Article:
“The evolution of marketing continues as we enter the multiscreen world. Think of it this way: 2012 is for mobile what 1997 was for the Web. Take it a step further; Kontagent is to mobile what Webtrends was to the Web.”
As a data-driven marketer, Rand Schulman* gave us an overview of the evolution of analytics (see video). He has even gone so far as to say that the Web is dead. Here’s more on why Rand compares what we’re doing today in mobile to what online marketers did in the early days of the Web.
How does your experience qualify you to speak about the evolution of analytics?
I helped create an industry, inventing brand name online marketing and new media products from benchmark vendors: WebSideStory (acquired by Omniture/Adobe); Keylime Software, (acquired by Yahoo!); WebTrends, Unica (acquired by IBM); Eightfold Logic; InsideView. I am a founder and past board member of the Digital Analytics Association (DAA), and the Direct Marketing Educational Foundation (DMEF). In 2005, I was named one of the Top 100 B2B marketing executives by BtoB Magazine.
What are the biggest challenges mobile marketers and developers currently face?
Right now, mobile marketing is like measuring hits on Web. It’s a good first start, but it’s not the end game. In mobile, people are doing basic things, e.g., App Store optimization–trying to get your app in the top lists–by testing names, categories, etc. that might give you the best rankings. It’s really basic.
What you also need to do is test the messaging, channels and segments which yield best engagement within the app–and that’s nearly impossible to do because of the nascent mobile market and technological challenges currently associated with building on different platforms.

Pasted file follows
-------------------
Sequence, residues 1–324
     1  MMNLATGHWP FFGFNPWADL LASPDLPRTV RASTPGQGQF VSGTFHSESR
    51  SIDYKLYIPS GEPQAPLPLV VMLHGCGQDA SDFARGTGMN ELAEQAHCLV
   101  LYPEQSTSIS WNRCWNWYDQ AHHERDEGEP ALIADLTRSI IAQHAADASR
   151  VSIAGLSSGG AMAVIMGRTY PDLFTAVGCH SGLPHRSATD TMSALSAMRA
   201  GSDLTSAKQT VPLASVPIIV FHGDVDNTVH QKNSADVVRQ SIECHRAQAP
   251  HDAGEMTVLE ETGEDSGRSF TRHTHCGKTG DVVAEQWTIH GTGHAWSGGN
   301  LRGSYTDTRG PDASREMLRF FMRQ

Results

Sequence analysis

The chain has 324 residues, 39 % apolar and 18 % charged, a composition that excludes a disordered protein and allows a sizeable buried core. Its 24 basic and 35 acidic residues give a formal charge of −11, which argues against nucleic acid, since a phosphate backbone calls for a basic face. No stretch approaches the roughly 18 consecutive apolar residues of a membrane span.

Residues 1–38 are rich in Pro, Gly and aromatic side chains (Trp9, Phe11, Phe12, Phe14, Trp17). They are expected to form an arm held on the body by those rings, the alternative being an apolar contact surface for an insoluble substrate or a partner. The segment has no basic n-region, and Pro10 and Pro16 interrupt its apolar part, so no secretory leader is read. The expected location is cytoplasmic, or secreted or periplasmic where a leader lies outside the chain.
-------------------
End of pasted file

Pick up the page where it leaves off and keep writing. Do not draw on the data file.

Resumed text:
You compare mobile analytics to the Web a lot, in terms of where things are headed in analytics. Can you explain further?
With respect to the Web, the current state of mobile marketing is like not understanding visits versus unique users. As we’ve learned in Web, that’s not good enough. Before the Web, there was direct mail and response marketing. Web analytics opened up a whole new way to measure marketing ROI. Webtrends and Omniture were early, and they were in the best position to take advantage of the nascent market and ask additional questions on conversion metrics and optimization, i.e., the path a user takes before making a desired action or purchase. They taught marketers how to track and optimize campaigns.
The evolution of marketing continues as we enter the multiscreen world. Think of it this way: 2012 is for mobile what 1997 was for the Web. Take it a step further; Kontagent is to mobile what Webtrends was to the Web.
You can draw parallels around early adopters of Web analytics: these tools require some scientific methods of controls, A/B testing, cohort analysis, etc. Marketers need to take these proven methods and transfer them to measuring mobile users and in-app behaviors. In order to optimize conversions in mobile, imperative to help optimize conversions in mobile.
Ultimately, how does this help mobile businesses with their revenue?
Direct marketers have been schooled in those techniques for landing pages, but when you apply these practices to mobile marketing it limits it to App Store rankings. They need to take a few steps further in mobile, tying these findings back to the the overall customer lifetime value.
- Which campaigns / landing pages / etc. produced the most engaged users?
- Which campaigns / landing pages / etc. produced the users who spent the most money inside an app?
- What common actions do users take before taking a desired action or making a purchase?
These types of metrics will give a better understanding of where you should be focusing your mobile marketing and acquisition efforts for optimal ROI.
This isn’t as easy as it sounds though.
No, not even close. This is all broken in mobile because of the the fragmented platforms and environments. There isn’t an easy way to follow the “bread crumbs” from user acquisition to engagement to monetization. Mobile developers, marketers and publishers need to demand that the industry provide for them the crumbs from which they optimize those stages.
There are some solutions and initiatives in the market trying to address this challenges. Next week, we’ll discuss the pros and cons of some of those. In the meantime, if you have any questions for Rand, contact him at @randschulman.
*Rand Schulman is currently an advisor to Kontagent.
About the author: Catherine Mylinh is a member of Kontagent’s storytelling team, where she is head of PR, brand and content marketing. She is also the editor-in-chief of kScope. In her former life, Catherine was a news anchor for CBS and NBC. She credits her journalism and computer science roots—she was once a programmer!—for her love of learning and writing about all things high tech. You can contact Catherine at @cat_mylinh.